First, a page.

Australians will have access to more vaccines for Japanese encephalitis as part of the federal government’s response to an outbreak across four states.
Nearly $70 million will be spent to combat the virus, which has been detected in NSW, Queensland, South Australia and Victoria and killed two people so far.
Federal Health Minister Greg Hunt said the virus was concerning but state governments were being proactive about responding with Commonwealth support.
There are 15 confirmed human cases of Japanese encephalitis in Australia.
Following health advice about people at risk, the government will purchase 130,000 doses of a vaccine to supplement the 15,000 doses already in Australia.
Australia’s Deputy Chief Medical Officer Sonya Bennett says while the virus is new to mainland Australia, it was not new internationally and vaccines have been successfully used for decades.
“What’s important to understand is that it is transmitted to humans through mosquito bites, it cannot be transmitted human-to-human,” she told reporters in Canberra on Friday.
“From a human point of view, those most at risk are people who work in the affected piggeries and people doing animal and mosquito control.”
To understand the spread of the virus, the government will enhance surveillance of mosquito and animal activities, model the potential virus spread as well as undertake mosquito control.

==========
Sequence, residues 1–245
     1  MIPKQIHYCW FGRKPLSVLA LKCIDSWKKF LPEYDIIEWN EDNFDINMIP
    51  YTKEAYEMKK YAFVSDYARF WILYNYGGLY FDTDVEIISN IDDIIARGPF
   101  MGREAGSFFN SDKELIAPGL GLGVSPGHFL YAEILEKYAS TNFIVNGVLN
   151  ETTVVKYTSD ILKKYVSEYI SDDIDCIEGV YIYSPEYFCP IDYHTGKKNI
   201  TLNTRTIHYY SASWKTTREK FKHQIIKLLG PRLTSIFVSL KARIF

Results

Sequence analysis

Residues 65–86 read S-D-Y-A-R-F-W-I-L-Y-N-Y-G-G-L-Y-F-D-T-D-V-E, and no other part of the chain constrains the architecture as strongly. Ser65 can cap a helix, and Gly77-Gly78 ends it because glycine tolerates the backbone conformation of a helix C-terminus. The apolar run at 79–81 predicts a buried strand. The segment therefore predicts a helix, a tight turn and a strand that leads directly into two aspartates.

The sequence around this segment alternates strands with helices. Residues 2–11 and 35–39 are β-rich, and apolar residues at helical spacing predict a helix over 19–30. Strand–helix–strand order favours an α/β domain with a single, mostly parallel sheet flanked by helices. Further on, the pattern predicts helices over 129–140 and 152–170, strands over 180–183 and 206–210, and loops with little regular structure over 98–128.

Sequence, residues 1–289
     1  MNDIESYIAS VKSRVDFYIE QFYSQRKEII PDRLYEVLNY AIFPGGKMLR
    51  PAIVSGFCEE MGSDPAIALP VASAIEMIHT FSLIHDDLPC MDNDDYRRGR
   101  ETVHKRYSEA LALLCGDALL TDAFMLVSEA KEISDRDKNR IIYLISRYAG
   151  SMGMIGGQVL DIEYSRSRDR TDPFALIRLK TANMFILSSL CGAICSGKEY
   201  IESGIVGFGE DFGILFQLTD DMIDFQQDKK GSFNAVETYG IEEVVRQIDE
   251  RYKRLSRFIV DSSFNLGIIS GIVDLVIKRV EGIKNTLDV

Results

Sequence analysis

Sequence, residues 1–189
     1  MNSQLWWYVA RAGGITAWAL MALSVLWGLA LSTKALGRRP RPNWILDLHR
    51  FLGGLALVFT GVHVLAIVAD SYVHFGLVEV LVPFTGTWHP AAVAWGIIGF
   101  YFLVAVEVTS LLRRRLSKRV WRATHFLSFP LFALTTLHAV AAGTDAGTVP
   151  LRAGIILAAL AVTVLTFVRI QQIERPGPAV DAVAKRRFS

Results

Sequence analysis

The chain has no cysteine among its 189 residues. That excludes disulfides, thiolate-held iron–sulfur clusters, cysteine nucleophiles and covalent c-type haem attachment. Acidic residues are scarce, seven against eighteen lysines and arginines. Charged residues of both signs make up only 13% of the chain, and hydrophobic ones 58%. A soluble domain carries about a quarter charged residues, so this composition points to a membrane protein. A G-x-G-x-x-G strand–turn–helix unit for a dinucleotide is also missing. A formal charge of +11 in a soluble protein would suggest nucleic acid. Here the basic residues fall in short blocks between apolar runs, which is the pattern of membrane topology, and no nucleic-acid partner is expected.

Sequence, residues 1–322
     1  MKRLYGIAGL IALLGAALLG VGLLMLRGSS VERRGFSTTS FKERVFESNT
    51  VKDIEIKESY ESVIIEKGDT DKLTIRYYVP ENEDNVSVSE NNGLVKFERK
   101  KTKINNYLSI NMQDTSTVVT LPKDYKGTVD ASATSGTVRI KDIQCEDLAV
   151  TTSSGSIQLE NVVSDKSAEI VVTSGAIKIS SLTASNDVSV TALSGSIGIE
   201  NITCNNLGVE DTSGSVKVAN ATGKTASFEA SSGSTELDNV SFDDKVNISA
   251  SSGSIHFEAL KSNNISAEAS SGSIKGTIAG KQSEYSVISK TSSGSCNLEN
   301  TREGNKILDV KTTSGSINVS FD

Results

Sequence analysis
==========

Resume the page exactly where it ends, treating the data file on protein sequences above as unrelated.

“We understand the virus but what we hadn’t anticipated is seeing it emerge as quickly as it has in piggeries throughout the states,” Dr Bennett said.
“We are dealing with where the virus is and also mounting a surveillance effort to understand where it has been and where it may go.”
The government will spend $5 million on an information and awareness campaign to help people understand how to protect themselves.
This involves “covering up, wearing repellent, doing all of the things that people are used to doing to protect themselves in an area where there are mosquito-borne diseases,” Mr Hunt said on Friday.
Meanwhile, $10 million will be spent to support state and territory agriculture departments responding to the virus.